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The new Arrowhead Inn on the former Hopkins/Haven property fronted Haven Avenue just north of West 177th Street. The police station was across the street on the south side of West 177th Street.

Although B. Altman had originally intended to improve his real estate holdings and sell the land to developers, for some reason he changed his plans. Instead, he leased “the old Arrowhead Inn” to New York City for use as temporary headquarters for the 42nd Police Precinct.

The Policemen Save Each Other and Their Hens

Fast forward again three years to the morning of January 15, 1916.

At about 10 a.m., Ben Riley noticed flames coming from the second story of the police station. He ran to house and called out to Lieutenant Sauder, and then he sounded the fire alarm.

The 20 men who had been gathered in the assembly room went into action. They first woke up the still-sleeping policemen in the smoke-filled dormitory on the second floor, and then they headed up to the top floor to awaken Captain Abram C. Hulse. A few other men released all the hens from their run, which adjoined the building. (Hopefully someone also saved Sir Tom, the station cat.)

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This small house, constructed in 1861, was across the street from the police station on the west side of Haven Avenue at West 177th Street. NYPL digital collections.

While the policemen waited for the firemen to arrive, they set up a bucket brigade. In short time, the seat of the fire on the second floor was extinguished and the building was saved. (A faulty chimney flue was determined to be the cause.) The men spent the next hour or so rounding up Lady Alice and her sister hens.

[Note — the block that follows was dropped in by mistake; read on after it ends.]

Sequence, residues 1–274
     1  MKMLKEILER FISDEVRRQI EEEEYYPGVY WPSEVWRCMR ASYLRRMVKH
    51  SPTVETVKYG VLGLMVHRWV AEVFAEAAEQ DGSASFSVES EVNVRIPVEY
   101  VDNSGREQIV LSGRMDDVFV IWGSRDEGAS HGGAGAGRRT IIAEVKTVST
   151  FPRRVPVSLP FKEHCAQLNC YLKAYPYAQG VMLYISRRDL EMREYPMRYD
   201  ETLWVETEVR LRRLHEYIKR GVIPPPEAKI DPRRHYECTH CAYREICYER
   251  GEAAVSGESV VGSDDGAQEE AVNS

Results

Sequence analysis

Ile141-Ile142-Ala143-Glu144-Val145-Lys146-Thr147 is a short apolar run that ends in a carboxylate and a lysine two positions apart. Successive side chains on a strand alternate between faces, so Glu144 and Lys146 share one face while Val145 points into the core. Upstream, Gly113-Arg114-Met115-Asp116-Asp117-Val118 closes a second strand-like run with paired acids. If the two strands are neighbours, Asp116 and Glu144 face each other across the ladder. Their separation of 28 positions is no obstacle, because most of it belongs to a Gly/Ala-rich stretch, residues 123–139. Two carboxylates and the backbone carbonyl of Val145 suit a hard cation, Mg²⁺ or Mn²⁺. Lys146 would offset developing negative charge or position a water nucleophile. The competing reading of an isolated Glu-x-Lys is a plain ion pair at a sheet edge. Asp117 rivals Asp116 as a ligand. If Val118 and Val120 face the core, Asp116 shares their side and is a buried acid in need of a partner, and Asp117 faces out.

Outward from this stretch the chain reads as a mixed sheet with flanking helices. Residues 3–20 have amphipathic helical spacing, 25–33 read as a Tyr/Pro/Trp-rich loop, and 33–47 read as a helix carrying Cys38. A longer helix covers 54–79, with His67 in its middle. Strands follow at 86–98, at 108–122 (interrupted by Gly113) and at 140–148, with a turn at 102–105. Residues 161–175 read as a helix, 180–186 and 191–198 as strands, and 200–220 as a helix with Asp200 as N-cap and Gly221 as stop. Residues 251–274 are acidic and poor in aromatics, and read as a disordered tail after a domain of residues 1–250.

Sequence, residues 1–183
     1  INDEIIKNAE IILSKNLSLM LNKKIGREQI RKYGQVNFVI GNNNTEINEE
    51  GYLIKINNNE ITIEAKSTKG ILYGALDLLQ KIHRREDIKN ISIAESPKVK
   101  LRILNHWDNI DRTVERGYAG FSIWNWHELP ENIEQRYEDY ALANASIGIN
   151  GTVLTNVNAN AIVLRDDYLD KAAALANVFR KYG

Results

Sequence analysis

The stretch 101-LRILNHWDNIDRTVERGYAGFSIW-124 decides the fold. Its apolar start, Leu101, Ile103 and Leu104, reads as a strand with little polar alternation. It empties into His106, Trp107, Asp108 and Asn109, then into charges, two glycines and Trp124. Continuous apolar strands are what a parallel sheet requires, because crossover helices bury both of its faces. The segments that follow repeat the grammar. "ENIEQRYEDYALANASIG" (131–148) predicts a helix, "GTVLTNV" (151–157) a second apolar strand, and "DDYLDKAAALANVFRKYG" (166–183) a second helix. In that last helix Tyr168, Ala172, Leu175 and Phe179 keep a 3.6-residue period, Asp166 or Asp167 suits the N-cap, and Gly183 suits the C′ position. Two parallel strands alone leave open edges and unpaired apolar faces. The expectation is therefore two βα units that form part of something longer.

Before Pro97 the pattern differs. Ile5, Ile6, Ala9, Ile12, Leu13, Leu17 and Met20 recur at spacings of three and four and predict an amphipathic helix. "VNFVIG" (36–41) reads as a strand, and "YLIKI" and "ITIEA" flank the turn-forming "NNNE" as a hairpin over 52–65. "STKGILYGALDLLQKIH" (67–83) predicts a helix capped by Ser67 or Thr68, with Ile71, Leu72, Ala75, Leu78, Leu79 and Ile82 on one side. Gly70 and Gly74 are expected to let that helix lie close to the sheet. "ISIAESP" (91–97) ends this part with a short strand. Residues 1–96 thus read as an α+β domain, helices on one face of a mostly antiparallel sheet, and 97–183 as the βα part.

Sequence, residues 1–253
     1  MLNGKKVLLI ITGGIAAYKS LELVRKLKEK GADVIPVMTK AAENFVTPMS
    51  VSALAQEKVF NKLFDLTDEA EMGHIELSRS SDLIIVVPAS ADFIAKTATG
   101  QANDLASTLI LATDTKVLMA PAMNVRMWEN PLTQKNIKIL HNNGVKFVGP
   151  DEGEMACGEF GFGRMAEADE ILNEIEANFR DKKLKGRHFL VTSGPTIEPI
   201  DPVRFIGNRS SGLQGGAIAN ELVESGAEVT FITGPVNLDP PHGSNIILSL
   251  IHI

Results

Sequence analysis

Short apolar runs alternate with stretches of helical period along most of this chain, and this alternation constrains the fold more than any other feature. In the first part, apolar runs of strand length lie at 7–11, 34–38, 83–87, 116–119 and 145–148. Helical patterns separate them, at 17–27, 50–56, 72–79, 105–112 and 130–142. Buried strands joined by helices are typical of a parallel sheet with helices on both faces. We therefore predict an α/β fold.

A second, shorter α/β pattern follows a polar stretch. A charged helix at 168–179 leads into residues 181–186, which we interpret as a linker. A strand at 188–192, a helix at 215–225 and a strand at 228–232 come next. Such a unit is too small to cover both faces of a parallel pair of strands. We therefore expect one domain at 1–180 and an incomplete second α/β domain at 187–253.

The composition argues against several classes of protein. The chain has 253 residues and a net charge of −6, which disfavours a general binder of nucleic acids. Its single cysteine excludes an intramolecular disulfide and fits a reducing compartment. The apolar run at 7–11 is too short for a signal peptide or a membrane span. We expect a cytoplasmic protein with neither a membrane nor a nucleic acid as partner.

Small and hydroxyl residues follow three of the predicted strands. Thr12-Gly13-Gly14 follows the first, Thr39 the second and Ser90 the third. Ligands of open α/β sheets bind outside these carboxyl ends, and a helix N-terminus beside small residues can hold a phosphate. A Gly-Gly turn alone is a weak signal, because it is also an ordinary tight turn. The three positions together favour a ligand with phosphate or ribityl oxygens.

The old house continued to serve as a “temporary” police station for the next seven years. But by 1923, when many of the country mansions along Fort Washington Avenue were being replaced by large apartment houses to meet the city’s housing shortage, it was time for Ben Riley and the men of the 42nd Precinct to leave their rural home in Washington Heights.

The 42nd Precinct Moves

FortWashingtonAve_HatchingCatIn the late 1800s and early 1900s, Fort Washington Avenue was known as the best speedway ground for trotters. In this photo from about 1910, the property of the old Arrowhead Inn would have been down the street on the right. (Note the “For Sale” signs on the property in the foreground on right). NYPL digital collections.

 In October 1923, Ben Riley sold his block of land bordered by 177th, 178th, Haven Avenue, and Northern Avenue (now Cabrini Blvd.), and opened a new Arrowhead Inn in Riverdale, Bronx, at 246th Street and Henry Hudson Parkway. Less than a year later, in January 1924, three six-story brick apartment buildings designed by Gronenberg Leuchtag, architects, appeared on the site of the beautiful old inn.

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The new six-story apartment buildings that replaced the Arrowhead Inn on the north side of West 177th Street (including the Ethel Court Apartments at 851 West 177th) were built in 1924 by B.L.W. Construction Company. They featured all the latest amenities, including garbage incinerators and dining alcoves. The building fronts were a tapestry of brick and terracotta. Way in the background is the approach to the George Washington Bridge. NYPL digital collections.

In August 1923, under the watch of Acting Captain Alphonse S. Rheaume, the 42nd Precinct moved into the headquarters of the 40th Precinct (later called the 32nd Precinct) at 152nd Street and Amsterdam Avenue. Plans called for the construction of a new station house at 182nd Street and Wadsworth Avenue, but until that was completed, all of Manhattan north of 152nd Street was covered by the station at 152nd Street.

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Here’s a rear view of the old 42nd Precinct police station on a wintry day in March 1923, just five months before the property was sold to developers. NYPL digital collections.